I explore the relationship between the visible and the invisible, between the materiality of my work and its inner meaning. In our current social climate of chaos, violence and frequent crisis, I am inviting the viewer to engage in moments of quiet and serenity, investigate our commonalities and encourage cross-cultural dialogue. My work is grounded in an inquiry of time, in terms of memory, physical changes, and movement in space, and light as a “giver of presence” within form. Recent studies in Japan were vital to my work. Although I have studied contemporary Japanese architecture for years, this cultural immersion to see and experience the spiritual quietness and connection to nature was revealing and inspirational.

Working with the bandsaw as a drawing tool is a starting point for the three-dimensional work. I think of wood as a soft material, cutting through laminated blocks of wood based on quick drawings I refer to as “envelope sketches”. I often cast forms in resin, introducing qualities of light and transparency, while maintaining the natural texture of wood in the casting. I am interested in making delicate forms of light and air that invite a closer look.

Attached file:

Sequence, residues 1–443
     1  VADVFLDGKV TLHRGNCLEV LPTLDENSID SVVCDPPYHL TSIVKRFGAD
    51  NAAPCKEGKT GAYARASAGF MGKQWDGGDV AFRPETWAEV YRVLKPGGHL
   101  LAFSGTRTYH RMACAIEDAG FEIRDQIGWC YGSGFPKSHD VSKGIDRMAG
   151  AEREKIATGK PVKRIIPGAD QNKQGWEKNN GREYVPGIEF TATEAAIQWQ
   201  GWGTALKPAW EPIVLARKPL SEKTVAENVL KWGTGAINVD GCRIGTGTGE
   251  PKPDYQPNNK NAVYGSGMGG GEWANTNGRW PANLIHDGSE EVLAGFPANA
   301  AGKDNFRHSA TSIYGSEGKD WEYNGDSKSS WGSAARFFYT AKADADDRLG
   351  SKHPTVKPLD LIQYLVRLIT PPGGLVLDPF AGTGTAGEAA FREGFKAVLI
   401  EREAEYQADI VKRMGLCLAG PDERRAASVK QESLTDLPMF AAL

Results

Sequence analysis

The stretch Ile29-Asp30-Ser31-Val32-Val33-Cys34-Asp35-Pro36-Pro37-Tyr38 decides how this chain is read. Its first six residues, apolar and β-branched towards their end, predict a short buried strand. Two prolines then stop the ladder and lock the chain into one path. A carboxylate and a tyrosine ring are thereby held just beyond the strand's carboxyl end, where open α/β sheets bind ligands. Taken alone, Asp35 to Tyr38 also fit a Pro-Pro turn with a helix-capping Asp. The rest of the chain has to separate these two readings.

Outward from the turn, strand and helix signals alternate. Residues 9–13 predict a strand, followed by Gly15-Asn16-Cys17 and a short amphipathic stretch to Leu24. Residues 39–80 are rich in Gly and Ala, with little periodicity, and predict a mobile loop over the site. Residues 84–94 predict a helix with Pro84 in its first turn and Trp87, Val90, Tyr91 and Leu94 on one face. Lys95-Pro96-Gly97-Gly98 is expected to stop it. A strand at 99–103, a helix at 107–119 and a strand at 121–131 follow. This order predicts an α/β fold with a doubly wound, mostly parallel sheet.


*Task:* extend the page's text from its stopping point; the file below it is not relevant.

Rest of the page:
Layering copper plates or silkscreens, I print on handmade paper or linen, one layer at a time, building surfaces that fuse color and texture.  I often use materials from the three dimensional work in the prints and overlap ideas from one medium to the other. It seems natural to work in multiples and series and think of my prints as three dimensional – looking through space. My prints and silkscreens are typically large scale, giving the viewer a closer connection to the physically of the work. Recently learning Mokuhanga (Japanese woodblock printing) from a master carver in Kyoto opened up new ways to work with wood as a matrix for printing.

Art, for me, is still and silent, both physical and emotional, and lives by companionship and contemplation. Uniting all of my work is the desire to reveal the essential and timeless nature of form. I am searching for ethereal qualities concealed between the layers of the seen and the unseen – between light and shadow. I believe art has the power to bridge differences and express connections, however fragile, in the ways we are connected universally.